Back in March 1980, I had been cross-country skiing for only two years, so I signed up for a weeklong ski trip across Yosemite National Park that was to be guided by two park rangers. That organization took my money and then sent out a mandatory equipment list. Most of the items were easily understandable, but a few were strange. There was some kind of a threat that if any participant was missing some item, they could be kicked off the trip at the shakedown inspection when we showed up. So, dutifully we each purchased every item, even the strange ones. The day before the trip actually started, we met in the park for the briefing and shakedown inspection. The briefing went well, and then participants started asking about strange items on the equipment list. The leaders said, "What equipment list?"
It seems that the organization had sent out the equipment list without checking with some of the leaders. So, we pulled out the equipment list and all of our items, and the leaders watched in surprise. "Well, you don't need this one. You don't need that one. This one is a joke. You don't need this one." Within a few minutes, we had eliminated half of the items on the list, and that allowed us to reduce our base weight significantly.
My point is that if you are involved with making mandatory equipment lists for some organized group, you want to make sure that the items are reasonable and necessary.
By the way, skiing across Yosemite in March is great.
–B.G.–Mar 27, 2012 at 10:50 am #1859985
@ngatelLocale: Southern California
with all the comments, it just reinforces my belief that solo hiking is superior in all regards :)Mar 27, 2012 at 4:48 pm #1860185
@ouzelLocale: Pacific Northwest/Sierra
"with all the comments, it just reinforces my belief that solo hiking is superior in all regards :)"
Yep, or maybe one person you know and trust, at most.Mar 27, 2012 at 6:00 pm #1860215
I had the same hiking partner for over 10 years. The group thing is still new for me. I am developing a little core group as of late. A few gems.Mar 27, 2012 at 6:14 pm #1860227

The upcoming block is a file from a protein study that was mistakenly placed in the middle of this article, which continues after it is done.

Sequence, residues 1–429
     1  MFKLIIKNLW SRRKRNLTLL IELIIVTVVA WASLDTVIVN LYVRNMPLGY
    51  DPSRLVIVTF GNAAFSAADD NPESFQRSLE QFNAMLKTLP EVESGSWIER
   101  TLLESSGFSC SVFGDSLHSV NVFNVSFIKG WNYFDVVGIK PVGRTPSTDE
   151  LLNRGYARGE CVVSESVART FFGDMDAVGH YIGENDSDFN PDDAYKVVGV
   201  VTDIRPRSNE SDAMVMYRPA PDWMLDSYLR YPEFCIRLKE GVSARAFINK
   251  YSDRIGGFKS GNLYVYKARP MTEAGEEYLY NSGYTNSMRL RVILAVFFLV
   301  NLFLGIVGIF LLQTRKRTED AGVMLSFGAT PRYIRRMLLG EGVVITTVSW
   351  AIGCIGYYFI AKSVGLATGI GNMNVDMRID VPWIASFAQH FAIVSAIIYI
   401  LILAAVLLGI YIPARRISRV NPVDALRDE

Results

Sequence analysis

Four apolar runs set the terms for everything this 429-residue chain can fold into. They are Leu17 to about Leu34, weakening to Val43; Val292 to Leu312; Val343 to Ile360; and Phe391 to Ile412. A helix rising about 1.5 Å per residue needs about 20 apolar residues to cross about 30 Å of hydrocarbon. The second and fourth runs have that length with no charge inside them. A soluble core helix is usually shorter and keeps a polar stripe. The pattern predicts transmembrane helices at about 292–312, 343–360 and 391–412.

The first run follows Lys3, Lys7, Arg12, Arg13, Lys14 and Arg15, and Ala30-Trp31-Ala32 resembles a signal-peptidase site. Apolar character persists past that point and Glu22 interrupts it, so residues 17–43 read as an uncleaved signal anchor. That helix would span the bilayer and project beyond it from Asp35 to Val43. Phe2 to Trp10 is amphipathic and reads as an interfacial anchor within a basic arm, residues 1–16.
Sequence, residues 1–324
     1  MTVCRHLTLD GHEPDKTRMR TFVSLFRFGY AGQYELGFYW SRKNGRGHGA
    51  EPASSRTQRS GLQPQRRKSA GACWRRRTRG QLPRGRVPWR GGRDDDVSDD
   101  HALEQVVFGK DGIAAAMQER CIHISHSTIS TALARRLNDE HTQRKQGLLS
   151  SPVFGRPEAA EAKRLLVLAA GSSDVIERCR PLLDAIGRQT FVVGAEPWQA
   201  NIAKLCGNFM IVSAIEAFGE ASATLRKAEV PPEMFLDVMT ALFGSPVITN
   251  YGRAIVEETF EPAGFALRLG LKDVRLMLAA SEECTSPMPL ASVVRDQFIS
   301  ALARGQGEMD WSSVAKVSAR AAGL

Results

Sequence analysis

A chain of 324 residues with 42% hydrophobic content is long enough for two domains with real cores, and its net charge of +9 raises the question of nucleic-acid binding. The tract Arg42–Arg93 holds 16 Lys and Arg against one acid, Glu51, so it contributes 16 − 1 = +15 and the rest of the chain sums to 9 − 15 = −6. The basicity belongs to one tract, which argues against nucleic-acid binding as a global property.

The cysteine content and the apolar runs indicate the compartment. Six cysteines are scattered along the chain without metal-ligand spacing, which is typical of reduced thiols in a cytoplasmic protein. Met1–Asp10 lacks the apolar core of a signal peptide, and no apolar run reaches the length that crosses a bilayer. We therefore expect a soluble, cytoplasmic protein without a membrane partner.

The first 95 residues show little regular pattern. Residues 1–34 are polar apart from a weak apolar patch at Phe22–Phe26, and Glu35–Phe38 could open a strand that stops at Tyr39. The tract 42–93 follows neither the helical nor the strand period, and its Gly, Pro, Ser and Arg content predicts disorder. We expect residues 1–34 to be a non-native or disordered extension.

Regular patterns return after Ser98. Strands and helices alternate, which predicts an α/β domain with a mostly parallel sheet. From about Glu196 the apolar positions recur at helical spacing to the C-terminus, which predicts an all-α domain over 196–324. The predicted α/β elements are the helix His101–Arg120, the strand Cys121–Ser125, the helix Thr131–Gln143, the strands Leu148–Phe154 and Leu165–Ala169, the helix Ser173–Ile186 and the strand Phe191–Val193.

I think small groups can be fun. To me, the trick is to keep them small (6 or less, generally), to have like-minded hikers (breaks, no breaks, lunch stop, no lunch stop, that kind of thing), relatively same speed hikers, relatively same experience level hikers, hikers who are flexible and won't complain about changes in the plan on the go, and hikers who don't stress and get irritated over little things.May 7, 2012 at 6:09 pm #1875395
@cdiepholLocale: Western North Carolina
At the University I work for we have 2 mandatory meeting that participants must attend. At the first meeting we show them examples of clothing and gear that they should bring on the hike. We give them examples of bad experiences that we have had when we did not bring these items in order to persuade them that these materials are necessary for the trip. The second pre-trip meeting is held the day before departure. We require that everyone brings there bag packed. After giving them some examples of how you should pack your pack we have everyone take out all of there items and repack them. In this process you and the other facilitators can walk around and see what the participants are lacking or what items they need to leave at home. This also makes the participates feel at ease and more confident in there guides because it shows that you and your facilitators are prepared for your trip. I can go on and on about how pre-trip meetings build relationships, trust, and confidence in you and your participants.
P.S. another good technique is to have the participants take out there stoves, and shelters outside. Once they are outside they can practice using the stove and setting up the shelter up before the trip. The makes your job a whole lot easier because they will not rely on you after a long days hike to set up there shelter and cook there food. It also lets you see if any gear is missing any parts or has damage before you are out in the field. I hope this helps and happy hiking.May 11, 2012 at 1:22 pm #1876721
my group trips have been backpacking trips with the Boy Scouts, for the past several years. The trips often include about as many adults as boys, and sometimes family members like Mom's, sisters and little brothers.
I send out a list of gear, and note that the scouts pack should be not much over 25% of their body weight, which limits what can be taken. I also have web pages that show gear for parents new to backpacking, and also for what the parents should get for the scout.
If its a big trip, we have a pre trip meeting, and look at pack weights, pack contents, and boots. I weigh packs and investigate those packs that are too heavy or too light. For weekend trips, we load up and I weight packs at the trailhead. I take extra pile pullovers and rain coats and verify that everyone has rain protection.
I print black and white maps for everyone. I get all adults cell phone numbers. I hand out driving maps, having lost drivers en route to the trailhead before.
One thing I don't do, is plan other people's food. I bring my own food and food for my long time hiking partner. Scouts and other parents must bring their own food, because I don't want to have them complain to me about their food. Its also a good learning experience to figure out food selection for trips, for both adults and scouts. However, I email out my menu for the trip in case someone wants ideas.